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Los Angeles Gladiators coach talks about what makes a great player and the team’s official roster

This roster brings together players from all over the world.

Shortly after announcing their team’s official name, logo and colors, the Los Angeles Gladiators have also announced their starting roster for the opening of the Overwatch League.

Lane “Surefour” Roberts - DPS

Choi “Ashe” Jung Sung - DPS

João Pedro “Hydration” Goes Telles - DPS

Aaron “Bischu” Kim - Tank

Luis “iRemiix” Galarza - Tank

Jonas “Shaz” Suovaara - Support

Benjamin “BigG00se” Isohanni - Support

This roster brings together players from all across the world with players who have a variety of experiences and previous teams. In order to better understand how this roster came to be and what went into it’s creation, Heroes Never Die talked to LA Gladiators head coach, David “dpei” Pei.

Heroes Never Die: How did you initially connect with Gladiators as an organization and what drew you to the team?

David “dpei” Pei: I was looking for coaching positions in Overwatch League throughout that time period, maybe midway through Contenders. Gladiators contacted me because of some player references, so I interviewed with them for like an hour and a half they talked to my references, players, former players stuff like that, and they just really liked me and, and I really liked them as far as team philosophy, as well as proof of concept they had done stuff with the League team that demonstrated that they weren’t just all talk about things like player support, they were really all about it. That’s what really drew me to the Gladiators organization in the first place.

HND: Was there any thought on your end about what it meant to be representing LA?

DP: To be honest, in the very beginning it was, “let’s get into OWL first, I’m not too worried about the city,” but now that I’ve had time to think about it representing LA is actually kind of ideal. I think LA in itself is kind of a melting pot of all different cultures, it’s the biggest west coast city.

And I think our team is representative of that global community, that Overwatch also represents with heroes coming from all over the world. We have two Europeans, a Korean player, a Brazilian player, a Puerto Rican player, a Canadian player. So we are all over the place and coming together to be a part of something greater than ourselves, which I think is sort of the philosophy of Overwatch. It’s kind of a beautiful metaphor in that way. Representing Los Angeles in particular is amazing, because it’s the greatest esports scene, outside of maybe Korea, it’s where everything is happening. It’s the epicenter of esports and I think our team will represent them well.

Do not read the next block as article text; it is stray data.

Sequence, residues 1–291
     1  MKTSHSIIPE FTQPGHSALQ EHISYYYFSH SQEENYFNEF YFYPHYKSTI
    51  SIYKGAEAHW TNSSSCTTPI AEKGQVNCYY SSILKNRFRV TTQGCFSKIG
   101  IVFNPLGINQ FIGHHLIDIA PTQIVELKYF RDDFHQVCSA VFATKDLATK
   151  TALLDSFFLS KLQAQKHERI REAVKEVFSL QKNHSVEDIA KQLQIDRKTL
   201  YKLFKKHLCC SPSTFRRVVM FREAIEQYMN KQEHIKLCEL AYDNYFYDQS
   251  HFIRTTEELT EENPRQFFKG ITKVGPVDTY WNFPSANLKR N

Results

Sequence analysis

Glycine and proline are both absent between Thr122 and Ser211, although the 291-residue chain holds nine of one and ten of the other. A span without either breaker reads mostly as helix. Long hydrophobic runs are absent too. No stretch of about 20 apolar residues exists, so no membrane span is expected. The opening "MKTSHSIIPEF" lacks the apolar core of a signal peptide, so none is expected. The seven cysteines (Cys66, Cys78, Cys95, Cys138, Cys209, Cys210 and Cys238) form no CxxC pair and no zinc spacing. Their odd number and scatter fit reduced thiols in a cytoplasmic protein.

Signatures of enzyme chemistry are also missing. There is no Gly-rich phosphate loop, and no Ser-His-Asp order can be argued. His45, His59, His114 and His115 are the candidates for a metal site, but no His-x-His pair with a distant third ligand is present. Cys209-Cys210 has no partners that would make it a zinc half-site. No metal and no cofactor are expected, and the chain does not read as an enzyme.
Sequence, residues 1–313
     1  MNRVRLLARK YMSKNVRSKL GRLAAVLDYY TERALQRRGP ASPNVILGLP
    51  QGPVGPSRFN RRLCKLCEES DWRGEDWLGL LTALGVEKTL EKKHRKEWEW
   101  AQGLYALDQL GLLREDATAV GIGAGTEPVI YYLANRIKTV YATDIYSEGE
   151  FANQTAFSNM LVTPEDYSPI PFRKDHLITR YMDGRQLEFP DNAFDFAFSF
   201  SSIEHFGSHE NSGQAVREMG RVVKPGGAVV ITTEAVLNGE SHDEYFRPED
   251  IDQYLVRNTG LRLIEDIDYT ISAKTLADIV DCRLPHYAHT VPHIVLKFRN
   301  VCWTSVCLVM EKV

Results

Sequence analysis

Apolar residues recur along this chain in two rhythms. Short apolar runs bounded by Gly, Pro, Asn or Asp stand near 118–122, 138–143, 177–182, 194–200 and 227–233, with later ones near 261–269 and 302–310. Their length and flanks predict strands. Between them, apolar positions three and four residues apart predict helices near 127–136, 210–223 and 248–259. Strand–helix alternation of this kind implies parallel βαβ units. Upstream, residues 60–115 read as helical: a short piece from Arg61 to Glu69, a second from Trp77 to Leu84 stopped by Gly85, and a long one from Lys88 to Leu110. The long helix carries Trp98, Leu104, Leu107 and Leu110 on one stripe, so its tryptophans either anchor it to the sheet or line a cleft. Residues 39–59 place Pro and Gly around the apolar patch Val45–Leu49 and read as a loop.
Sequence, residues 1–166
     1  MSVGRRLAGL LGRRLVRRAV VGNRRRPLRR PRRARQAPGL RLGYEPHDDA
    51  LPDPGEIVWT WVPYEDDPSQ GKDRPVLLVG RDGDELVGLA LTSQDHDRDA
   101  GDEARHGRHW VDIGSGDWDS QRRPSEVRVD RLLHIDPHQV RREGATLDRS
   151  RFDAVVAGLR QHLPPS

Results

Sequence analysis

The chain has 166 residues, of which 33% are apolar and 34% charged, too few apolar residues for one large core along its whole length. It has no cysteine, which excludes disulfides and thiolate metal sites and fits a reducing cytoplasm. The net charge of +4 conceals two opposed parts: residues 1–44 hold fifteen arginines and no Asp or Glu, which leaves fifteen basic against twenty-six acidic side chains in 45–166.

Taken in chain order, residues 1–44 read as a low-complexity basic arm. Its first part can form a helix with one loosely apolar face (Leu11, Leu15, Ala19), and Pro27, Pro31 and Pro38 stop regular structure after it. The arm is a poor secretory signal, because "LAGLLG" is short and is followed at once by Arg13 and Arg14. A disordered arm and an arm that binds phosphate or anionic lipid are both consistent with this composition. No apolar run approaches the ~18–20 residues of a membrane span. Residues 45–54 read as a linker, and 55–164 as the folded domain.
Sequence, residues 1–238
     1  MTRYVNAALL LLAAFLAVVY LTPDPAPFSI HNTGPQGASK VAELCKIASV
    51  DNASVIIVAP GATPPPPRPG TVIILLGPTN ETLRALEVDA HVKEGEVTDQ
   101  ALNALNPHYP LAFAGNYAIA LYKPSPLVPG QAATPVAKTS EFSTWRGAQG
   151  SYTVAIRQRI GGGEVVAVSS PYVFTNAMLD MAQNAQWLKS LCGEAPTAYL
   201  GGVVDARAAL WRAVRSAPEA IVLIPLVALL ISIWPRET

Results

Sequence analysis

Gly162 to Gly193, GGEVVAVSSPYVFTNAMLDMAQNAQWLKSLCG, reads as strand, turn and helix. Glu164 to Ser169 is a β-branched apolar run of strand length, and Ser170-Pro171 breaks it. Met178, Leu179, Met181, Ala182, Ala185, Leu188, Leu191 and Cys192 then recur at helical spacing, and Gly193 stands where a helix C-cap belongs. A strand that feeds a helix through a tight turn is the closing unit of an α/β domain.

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HND: You were just talking about the roster, a lot of teams chose to go with rosters that were already fully formed, but you guys took sort of a different path.

DP: Yeah, a lot of the existing cores were very strong, but to make the strongest possible team you need to take the best components from those teams. So we did have a kind of build out of a core mentality. In particular, we have two duos with the tank line duo, iRemiix and Bischu, who have been proven throughout Contenders and throughout a long time in Overwatch. Then Shaz and BigG00se who have been the new and up and coming support duo who have proven themselves in EU contenders.

I think building out of those two cores and then filling out the rest was really the optimal solution. It will take some time to get that perfectly down pat. Obviously getting a team right off the bat gives you the best immediate results, but I think a month or two months down the line it will look like a synergistic team.

HND: Something that really focuses on playing in a league and playing in an environment where you can go the player’s skills rather than just a tournament roster?

DP: Yeah, I think that is a big thing too. The infrastructure that we will have with a gaming house, the practices structure and playing next to each other. I think that expedites the process of becoming a team or at least puts it on the fast track. Problems will be hashed out and we’ll be a team pretty quickly. I think even existing teams if they haven’t been together, physically, in person they will have a similar experience where they grow really fast.